Have you gotten tons of career advice, solicited and unsolicited? You nod when you hear it and think, “Yeah, I know this stuff.” So what else is new?
But what have you done with the advice? Fess up. Probably very little.
Do any of these scenarios fit:
You’re in a job you absolutely hate. It’s ruining your health and your life. You stay because of the money, or the fear that there’s nothing better out there.
You’re in a job where your boss ignores you, barks instructions and expects you to be a work alcoholic. But you stay because a new boss might be worse.
You’re lazy. You figure that one of these days you’ll hear about a great job, the economy will improve, or maybe your boss will realize how great you are. Plus you don’t have a resume.
Or, you’re unemployed, and decide not to pursue a job that you heard about, or a field you are interested in, because one person said they were looking for experience you didn’t have. Well, they know best, right?
Hello. I want to grab you by the shoulders, look into your eyes and say “Wake up and smell the coffee!” Santa Claus is not coming down your chimney and Elvis has permanently left the building.
So, why do otherwise savvy adults live with this passive mindset?
F-E-A-R. Fear of failure. Fear of success. Fear of rejection.
You name it, fear has a starring role. With procrastination and laziness as co-stars.
But there’s help at hand!
I read a book 12 years ago, Feel the Fear, and Do It Anyway
by Dr. Susan Jeffers that changed my life. It has been changing my client’s lives ever since. (More about the book in the suggested reading section later).
The crucial thing I learned from this book is that everything depends upon your attitude, your perception of the situation.
Not what happens. Not what people say or do. But how you view it.
So, you’ve heard that before too, right? Has it changed the way you tell yourself how to view what happens, I doubt it.
Here’s the powerful stuff (and stuff I’ve bet you’ve heard before too). Nobody changes his or her attitude without working at it. I’m here to tell you that you need to work that attitude muscle, just like you do your biceps at the gym. Otherwise, forget it.
You don’t wake up one morning, optimistic, ready to take on the world and feeling like Pollyanna. Especially, if you’re out of work, hate your job or are just plain lazy.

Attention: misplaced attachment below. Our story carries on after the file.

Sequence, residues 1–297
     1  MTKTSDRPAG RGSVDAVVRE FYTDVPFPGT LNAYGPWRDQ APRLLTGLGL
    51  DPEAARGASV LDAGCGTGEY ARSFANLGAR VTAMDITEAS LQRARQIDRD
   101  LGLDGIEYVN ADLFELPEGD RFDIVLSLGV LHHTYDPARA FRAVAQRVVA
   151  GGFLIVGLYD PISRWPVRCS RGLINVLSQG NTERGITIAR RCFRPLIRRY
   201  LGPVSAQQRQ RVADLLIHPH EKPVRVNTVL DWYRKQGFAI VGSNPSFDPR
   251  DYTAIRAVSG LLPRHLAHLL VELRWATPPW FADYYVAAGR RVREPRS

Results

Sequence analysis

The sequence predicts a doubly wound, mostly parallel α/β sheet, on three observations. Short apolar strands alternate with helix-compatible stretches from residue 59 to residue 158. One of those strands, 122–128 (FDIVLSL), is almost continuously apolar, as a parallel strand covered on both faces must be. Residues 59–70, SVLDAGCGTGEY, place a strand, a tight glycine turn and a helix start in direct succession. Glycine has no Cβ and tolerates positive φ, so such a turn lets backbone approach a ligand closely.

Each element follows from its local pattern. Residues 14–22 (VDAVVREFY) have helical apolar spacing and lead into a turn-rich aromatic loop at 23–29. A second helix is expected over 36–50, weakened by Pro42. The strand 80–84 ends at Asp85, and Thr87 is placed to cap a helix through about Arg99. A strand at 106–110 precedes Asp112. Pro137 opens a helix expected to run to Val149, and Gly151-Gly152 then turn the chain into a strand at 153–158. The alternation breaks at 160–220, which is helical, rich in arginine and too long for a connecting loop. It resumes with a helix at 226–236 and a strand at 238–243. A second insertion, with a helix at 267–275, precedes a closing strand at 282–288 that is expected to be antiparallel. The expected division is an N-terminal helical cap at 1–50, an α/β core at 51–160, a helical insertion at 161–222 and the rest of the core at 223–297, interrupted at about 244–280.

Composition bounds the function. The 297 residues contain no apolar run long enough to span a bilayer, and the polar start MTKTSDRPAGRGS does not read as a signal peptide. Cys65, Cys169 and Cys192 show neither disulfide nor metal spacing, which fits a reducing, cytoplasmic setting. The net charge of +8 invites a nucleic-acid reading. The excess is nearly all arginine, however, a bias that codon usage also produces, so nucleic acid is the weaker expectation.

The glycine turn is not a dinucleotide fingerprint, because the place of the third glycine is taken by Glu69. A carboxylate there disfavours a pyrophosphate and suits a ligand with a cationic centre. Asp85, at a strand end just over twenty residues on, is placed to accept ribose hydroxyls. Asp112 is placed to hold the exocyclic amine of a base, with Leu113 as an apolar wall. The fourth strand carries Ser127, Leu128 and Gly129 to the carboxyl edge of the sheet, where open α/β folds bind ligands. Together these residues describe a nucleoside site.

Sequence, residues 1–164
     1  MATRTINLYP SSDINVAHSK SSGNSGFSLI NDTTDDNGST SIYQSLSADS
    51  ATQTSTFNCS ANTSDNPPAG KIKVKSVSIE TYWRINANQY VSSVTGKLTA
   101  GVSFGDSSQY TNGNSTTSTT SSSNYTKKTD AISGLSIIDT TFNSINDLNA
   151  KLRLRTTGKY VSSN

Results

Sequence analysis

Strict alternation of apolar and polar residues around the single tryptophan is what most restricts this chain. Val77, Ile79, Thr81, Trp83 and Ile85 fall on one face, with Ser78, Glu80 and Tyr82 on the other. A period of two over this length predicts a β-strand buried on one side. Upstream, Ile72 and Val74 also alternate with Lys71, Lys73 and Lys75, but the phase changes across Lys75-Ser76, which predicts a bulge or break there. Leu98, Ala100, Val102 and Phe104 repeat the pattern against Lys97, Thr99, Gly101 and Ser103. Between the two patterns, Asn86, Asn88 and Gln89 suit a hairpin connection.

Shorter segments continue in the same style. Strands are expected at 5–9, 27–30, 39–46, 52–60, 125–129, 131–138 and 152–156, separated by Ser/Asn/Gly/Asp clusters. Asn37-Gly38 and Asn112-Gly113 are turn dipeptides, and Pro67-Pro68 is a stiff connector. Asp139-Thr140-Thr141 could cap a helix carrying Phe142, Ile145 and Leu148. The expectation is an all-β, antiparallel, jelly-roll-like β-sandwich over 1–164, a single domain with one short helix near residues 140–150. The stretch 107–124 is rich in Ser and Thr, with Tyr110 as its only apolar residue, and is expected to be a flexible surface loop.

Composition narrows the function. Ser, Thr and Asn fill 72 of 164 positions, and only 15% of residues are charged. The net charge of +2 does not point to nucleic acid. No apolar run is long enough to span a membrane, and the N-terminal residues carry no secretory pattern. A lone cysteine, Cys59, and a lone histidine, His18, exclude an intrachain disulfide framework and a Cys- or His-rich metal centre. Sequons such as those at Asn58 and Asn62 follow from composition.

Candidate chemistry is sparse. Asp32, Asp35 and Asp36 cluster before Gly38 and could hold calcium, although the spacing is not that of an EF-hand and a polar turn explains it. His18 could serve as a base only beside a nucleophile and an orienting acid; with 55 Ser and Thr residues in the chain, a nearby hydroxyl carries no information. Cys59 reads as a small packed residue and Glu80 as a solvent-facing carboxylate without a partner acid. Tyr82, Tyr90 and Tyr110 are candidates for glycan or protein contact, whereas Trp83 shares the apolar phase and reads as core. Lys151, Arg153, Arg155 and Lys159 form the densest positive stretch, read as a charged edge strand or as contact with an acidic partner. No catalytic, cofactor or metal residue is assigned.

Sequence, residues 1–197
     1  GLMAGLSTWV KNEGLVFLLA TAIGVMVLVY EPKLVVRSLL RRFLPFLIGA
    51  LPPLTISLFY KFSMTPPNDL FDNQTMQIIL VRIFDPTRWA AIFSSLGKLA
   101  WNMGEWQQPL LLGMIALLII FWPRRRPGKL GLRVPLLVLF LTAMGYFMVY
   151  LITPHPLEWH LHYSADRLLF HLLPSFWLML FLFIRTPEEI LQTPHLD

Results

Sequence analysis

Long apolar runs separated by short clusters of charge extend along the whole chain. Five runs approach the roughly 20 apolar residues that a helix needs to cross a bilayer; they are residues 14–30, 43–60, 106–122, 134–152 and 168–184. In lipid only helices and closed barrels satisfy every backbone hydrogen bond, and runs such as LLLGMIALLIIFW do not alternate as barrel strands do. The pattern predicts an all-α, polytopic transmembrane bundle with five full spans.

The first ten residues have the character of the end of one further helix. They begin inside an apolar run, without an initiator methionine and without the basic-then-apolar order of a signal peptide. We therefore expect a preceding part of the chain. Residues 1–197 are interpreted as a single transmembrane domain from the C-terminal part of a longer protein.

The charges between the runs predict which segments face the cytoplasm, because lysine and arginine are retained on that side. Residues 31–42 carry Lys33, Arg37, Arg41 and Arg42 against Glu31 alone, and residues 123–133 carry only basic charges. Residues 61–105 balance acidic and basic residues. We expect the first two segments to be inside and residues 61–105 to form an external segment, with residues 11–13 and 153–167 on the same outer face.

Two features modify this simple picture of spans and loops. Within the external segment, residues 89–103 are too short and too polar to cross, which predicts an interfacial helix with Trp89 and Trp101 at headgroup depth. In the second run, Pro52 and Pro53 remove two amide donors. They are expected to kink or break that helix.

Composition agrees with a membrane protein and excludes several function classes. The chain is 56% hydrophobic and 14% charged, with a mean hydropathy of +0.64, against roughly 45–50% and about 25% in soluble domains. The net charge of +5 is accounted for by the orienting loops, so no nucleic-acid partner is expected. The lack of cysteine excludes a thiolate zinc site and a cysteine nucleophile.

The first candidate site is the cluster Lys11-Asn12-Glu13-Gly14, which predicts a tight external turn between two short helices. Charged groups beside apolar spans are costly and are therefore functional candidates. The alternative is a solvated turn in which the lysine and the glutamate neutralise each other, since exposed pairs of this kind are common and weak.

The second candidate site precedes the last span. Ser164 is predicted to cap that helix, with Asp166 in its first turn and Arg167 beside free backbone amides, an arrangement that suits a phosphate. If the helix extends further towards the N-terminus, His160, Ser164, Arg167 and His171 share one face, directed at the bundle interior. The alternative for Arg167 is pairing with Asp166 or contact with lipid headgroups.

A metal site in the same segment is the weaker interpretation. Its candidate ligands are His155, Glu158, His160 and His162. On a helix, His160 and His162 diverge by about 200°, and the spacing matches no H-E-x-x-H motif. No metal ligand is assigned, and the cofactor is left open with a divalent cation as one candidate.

So, how do you change your attitude?
Years of therapy. No, just kidding.
Like exercising your biceps, the attitude muscle needs work everyday.
I recommend reading Jeffers book, cover to cover.
In the meantime, here are some tips:
Internal Dialogue exercises (you need to do these more than once a day for starters):
Change the dialogue you have with yourself. Instead of thinking “I’m afraid, or “I don’t want to look stupid.” Think, “I can handle that or “I know I will get a job.”
Instead of thinking “Gee, that’s a problem”, think, “It’s an opportunity.” If someone says “You don’t have the kind of experience for that type of work.” Think, “It’s one person saying it, and let me get more information.”
And forget about words like should or try. Ban them from your vocabulary. They are negative and weak words. Own your power! You either will or won’t.
When I first read Jeffers book, I pasted positive quotes all over the refrigerator and near my desk. I suggest you use quotes that are meaningful to you.
Here’s one I love:
“I’m not a failure if I don’t make it .I’m a success because I tried.” Unknown
Finally, most people think they are the only one experiencing gut wrenching fear. NOT.
You are going to feel the fear whenever you are in new territory (a good thing) but SO IS EVERYONE ELSE. This is one club you’ll want to join. Membership requirements – facing down your fear and bravely moving forward despite it!
by Susan Jeffers, Ph.D.
I love this book because it’s straightforward, easy to read, and doesn’t throw jargon at you. It’s a great book for helping you to get unstuck. Jeffers offers practical tips and support in moving you forward. My copy is replete with sections I’ve underlined; sections I continue to refer back to. Here’s an example, “Each path is strewn with opportunities despite the outcome.” Imagine if you could adopt that mindset? I can see doors opening all over the place!
by Shad Helmstetter
This book will help you to quiet the negative self-tapes that are a first cousin to fear. Helmstetter tell his story well and presents techniques to help you retool how you think. Read: attitude readjustment. One that puts you in control!